If the private party is successful in the arbitration and an arbitral award is rendered in favour of a private party but the unsuccessful party fails to comply with that award, it will then need to consider which jurisdiction is most suitable to enforce the arbitral award. If enforcement of the arbitral award is sought in Australia the International Arbitration Act 1974 (Cth) (IAA) will apply with respect to the enforcement. The IAA incorporates the Convention on the Recognition and Enforcement of Foreign Arbitral Awards (New York Convention) and states that a foreign award is binding on the parties to the arbitration agreement and can be enforced in the Federal Court or in the State/Territory courts. Although the IAA lists various grounds for refusing the recognition and enforcement of an arbitral award, two grounds not mentioned and which foreign states regularly rely upon during enforcement proceedings are the defences of jurisdictional immunity and immunity from execution. In Australia these defences are subject to the Foreign States Immunities Act 1985 (Cth) (FSIA).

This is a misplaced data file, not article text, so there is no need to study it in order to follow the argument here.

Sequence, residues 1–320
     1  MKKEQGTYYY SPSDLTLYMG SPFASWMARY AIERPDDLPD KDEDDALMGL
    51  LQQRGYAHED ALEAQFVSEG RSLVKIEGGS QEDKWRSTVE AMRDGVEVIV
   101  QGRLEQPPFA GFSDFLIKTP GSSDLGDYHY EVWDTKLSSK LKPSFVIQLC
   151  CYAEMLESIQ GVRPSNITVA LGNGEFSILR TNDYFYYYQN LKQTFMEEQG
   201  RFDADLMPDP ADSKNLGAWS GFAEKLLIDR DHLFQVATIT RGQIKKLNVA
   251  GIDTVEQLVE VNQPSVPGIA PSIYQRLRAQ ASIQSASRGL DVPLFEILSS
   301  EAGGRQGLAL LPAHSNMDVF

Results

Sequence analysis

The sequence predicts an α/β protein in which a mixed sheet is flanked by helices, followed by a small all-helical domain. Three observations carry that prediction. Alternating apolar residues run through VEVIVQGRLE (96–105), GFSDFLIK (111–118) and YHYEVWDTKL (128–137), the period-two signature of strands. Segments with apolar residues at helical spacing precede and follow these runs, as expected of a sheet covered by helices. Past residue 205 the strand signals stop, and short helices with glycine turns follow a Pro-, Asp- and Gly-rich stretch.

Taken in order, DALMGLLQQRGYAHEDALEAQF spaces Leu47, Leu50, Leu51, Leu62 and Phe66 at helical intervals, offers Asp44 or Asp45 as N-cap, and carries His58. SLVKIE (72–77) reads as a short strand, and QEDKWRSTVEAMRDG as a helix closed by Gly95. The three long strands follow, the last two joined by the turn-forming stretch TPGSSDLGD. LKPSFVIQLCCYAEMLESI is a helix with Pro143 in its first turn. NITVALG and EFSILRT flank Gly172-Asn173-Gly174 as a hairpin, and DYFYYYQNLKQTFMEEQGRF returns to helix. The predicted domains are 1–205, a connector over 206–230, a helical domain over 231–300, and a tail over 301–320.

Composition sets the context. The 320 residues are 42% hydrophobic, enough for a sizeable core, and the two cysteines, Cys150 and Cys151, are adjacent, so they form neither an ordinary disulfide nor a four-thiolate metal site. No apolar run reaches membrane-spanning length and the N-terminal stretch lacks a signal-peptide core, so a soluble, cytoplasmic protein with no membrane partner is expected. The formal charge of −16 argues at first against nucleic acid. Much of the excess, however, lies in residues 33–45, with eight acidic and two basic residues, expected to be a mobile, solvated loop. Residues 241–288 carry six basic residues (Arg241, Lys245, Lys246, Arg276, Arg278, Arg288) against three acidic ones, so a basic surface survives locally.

With respect to the jurisdictional immunity defence, section 17(2) of the FSIA provides that in proceedings for the enforcement of an arbitral award, a foreign state cannot rely on jurisdictional immunity if: